The surgical pleth index (SPI, GE Healthcare, Helsinki, Finland) is a score generated from the photoplethysmographic analysis of the pulse wave and the heartbeat interval. SPI as a number denoted the patient's responses due to increased sympathetic activity as a result of nociceptive stimuli. SPI scores monitored intraoperatively reflect a patient's autonomic response to certain nociceptive stimuli. The SPI scores range from 0 to 100, with a high value associated with significant nociception.[6]

qNOX score (between 0 and 99) is an electroencephalography and electromyography-based score marketed by Quantium Medical S.L. and distributed by Fresenius Kabi. A qNOX score less than 40 signifies a very low likelihood, a score of 40-60 a low likelihood, and more than 60 suggests a higher likelihood of a response to nociception. Unlike other scores, a qNOX does not rely on autonomic nervous system activity. However, as it needs an EMG, the use of neuromuscular blocking drugs could probably interfere with the quantification. Presently there are no robust studies that mention its superiority over other scores.[7]

Although these indexes have been used quite satisfactorily, there is no validated gadget that can be recommended as the device of choice for monitoring intraoperative nociception. Well-designed studies and results of systematic review and meta-analysis subsequently could enlighten us about this dilemma.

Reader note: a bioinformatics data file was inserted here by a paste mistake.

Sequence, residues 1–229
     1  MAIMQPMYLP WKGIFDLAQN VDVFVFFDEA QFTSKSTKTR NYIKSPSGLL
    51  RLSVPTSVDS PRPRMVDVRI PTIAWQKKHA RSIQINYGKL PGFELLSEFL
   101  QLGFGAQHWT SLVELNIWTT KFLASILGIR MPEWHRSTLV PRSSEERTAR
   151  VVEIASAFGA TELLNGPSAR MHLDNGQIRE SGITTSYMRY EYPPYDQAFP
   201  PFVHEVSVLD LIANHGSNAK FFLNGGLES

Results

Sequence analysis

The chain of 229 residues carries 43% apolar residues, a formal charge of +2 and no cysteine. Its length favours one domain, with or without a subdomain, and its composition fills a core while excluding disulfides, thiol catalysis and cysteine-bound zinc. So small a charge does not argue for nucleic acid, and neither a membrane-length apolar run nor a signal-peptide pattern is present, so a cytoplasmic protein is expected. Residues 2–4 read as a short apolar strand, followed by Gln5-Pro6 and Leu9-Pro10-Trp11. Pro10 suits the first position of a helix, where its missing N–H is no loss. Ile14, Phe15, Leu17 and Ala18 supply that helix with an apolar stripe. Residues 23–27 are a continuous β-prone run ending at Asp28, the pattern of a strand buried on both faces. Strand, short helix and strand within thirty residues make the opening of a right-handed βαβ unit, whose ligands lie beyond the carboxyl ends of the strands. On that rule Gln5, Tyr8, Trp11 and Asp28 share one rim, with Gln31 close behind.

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Conflicts of interest

There are no conflicts of interest.

  References Top

Hashimoto DA, Witkowski E, Gao L, Meireles O, Rosman G. Artificial intelligence in anesthesiology: Current techniques, clinical applications, and limitations. Anesthesiology 2020;132:379-94.  Back to cited text no. 1
Shanthanna H, Uppal V, Joshi GP. Intraoperative nociception monitoring. Anesthesiol Clin 2021;39:493-506.  Back to cited text no. 2
Anderson TA. Intraoperative analgesia-nociception monitors: Where we are and where we want to be. Anesth Analg 2020;130:1261-3.  Back to cited text no. 3
Upton HD, Ludbrook GL, Wing A, Sleigh JW. Intraoperative “Analgesia Nociception Index”-Guided fentanyl administration during sevoflurane anesthesia in lumbar discectomy and laminectomy: A randomized clinical trial. Anesth Analg 2017;125:81-90.  Back to cited text no. 4
Martini CH, Boon M, Broens SJ, Hekkelman EF, Oudhoff LA, Buddeke AW, et al. Ability of the nociception level, a multiparameter composite of autonomic signals, to detect noxious stimuli during propofol-remifentanil anesthesia. Anesthesiology 2015;123:524-34.  Back to cited text no. 5
Ledowski T, Schneider M, Gruenewald M, Goyal RK, Teo SR, Hruby J. Surgical pleth index: Prospective validation of the score to predict moderate-to-severe postoperative pain. Br J Anaesth 2019;123:e328-32.  Back to cited text no. 6
Ledowski T, Schmitz-Rode I. Predicting acute postoperative pain by the Qnox score at the end of surgery: A prospective observational study. Br J Anaesth 2020;124:222-6.  Back to cited text no. 7